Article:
My dad completed his fourth cycle of carbo/taxol almost 3 weeks ago. At his next appointment this Tuesday, the plan is to decide if he is up for continuing with cycles 5 and 6. My dad's cough is completely gone, and he is having no pain from his mets. However, he has been really tired throughout treatment and it seems as though cycles 3 and 4 have hit him the hardest. His oncologist blamed the increasing fatigue on the treatment and not the cancer, based on my dad's favorable scan results. I know the question of 4 vs 6 cycles of chem has been discussed repeatedly here, but I'm wondering whether if it ever makes sense to take a treatment break after cycle 4 and then resume at some point in the future with cycles 5 and 6 and then hopefully move on to maintenance therapy, so as to delay use of maintenance drugs (and the cancer's resistance to them) for as long as possible.
Fri, 06/13/2014 - 14:20
No one really knows how acquired resistance develops, so delaying the use of a particular treatment, taking lower doses of it or lengthening the interval between administrations of the drug are all just guesswork. In addition, the greatest benefit from a platinum doublet such as carbo/taxol occurs in the first two cycles, then a lesser benefit in cycles 3 and 4. By cycles 5 and 6, the likelihood of a significant marginal benefit is fairly small, and the risk of a hypersensitivity reaction to carbo increases, while bone marrow function continues to decrease. Since bone marrow function doesn't tend to bounce back quickly, taking a break before cycles 5 and 6 probably does little to help toxicity issues.
As Dr. West has written:
"...prolonged chemotherapy can increase cumulative side effects, and there was no evidence that prolonged treatment improved survival. This became especially important in the last few years, now that we have therapies with a proven survival benefit as second-line therapy or later. Patients are living longer and have an increasing number of options for treatment after first-line, so we want to ensure that patients have the best balance of effective treatment and good quality of life as possible, and that they are candidates for later therapies while still having strength and good organ function (liver, kidney, and also bone marrow function with good blood counts). It is therefore increasingly important to determine when we’ve reached a point of diminishing returns and should stop a treatment."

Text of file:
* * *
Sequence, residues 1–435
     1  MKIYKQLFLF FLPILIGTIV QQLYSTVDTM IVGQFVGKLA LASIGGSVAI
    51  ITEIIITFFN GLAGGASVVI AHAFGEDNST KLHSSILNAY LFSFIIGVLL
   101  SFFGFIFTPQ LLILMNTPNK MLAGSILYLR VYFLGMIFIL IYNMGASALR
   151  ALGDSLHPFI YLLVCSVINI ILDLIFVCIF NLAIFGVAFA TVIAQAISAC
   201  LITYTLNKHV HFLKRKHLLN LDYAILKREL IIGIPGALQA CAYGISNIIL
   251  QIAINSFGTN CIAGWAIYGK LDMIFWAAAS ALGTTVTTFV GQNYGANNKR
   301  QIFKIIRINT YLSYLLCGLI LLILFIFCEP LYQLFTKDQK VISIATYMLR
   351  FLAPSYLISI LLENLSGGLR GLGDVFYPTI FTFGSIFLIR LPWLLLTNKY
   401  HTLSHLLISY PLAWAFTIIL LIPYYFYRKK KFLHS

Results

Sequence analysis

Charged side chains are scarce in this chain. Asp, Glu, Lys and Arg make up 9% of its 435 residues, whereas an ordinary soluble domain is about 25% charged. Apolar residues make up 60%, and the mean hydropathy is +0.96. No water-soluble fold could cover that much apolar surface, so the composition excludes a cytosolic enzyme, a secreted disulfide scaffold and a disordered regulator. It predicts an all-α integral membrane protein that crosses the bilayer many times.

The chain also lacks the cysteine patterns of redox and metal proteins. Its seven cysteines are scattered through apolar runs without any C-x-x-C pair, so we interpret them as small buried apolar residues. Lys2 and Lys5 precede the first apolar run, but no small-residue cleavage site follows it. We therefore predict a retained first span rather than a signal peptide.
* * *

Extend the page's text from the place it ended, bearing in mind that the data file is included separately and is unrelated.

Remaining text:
[continued in the next post]
Fri, 06/13/2014 - 14:21
[continued from the previous post]
"In fact, these trials and others have shown that it’s very unlikely to have ongoing tumor shrinkage beyond four cycles, and beyond the point of 3-4 cycles, tolerability of treatment also becomes an increasingly important factor. Moreover, with additional therapies that are likely to provide some clinical benefit available in the second-line setting and potentially beyond that, I strongly suspect that the benefits for prolonged first-line therapy are even more diluted by the growing number of effective options that will follow." - http://cancergrace.org/lung/2007/01/17/duration-of-chemo-in-advanced-lu…
Fri, 06/13/2014 - 20:05
There are certainly a lot of grey areas in terms of what to do at this time, but I don't think there would be much incremental benefit vs. incremental toxicity for 2 additional cycles. That said, there's really no evidence to favor or disfavor any of these ideas over any other.
I wish it were possible to say more, but this is really just a clinical setting in which judgment plays a big part, along with patient preference.
Sat, 06/14/2014 - 09:48
Thank you Jim and Dr. West.
Dr. West: Your description of this situation as a grey area is actually very reassuring -- since there is no evidence either way, I feel like any decision we do make won't be the "wrong" decision, and since I have the utmost of confidence in his doctors, we have no hesitation to rely on their judgment in this situation.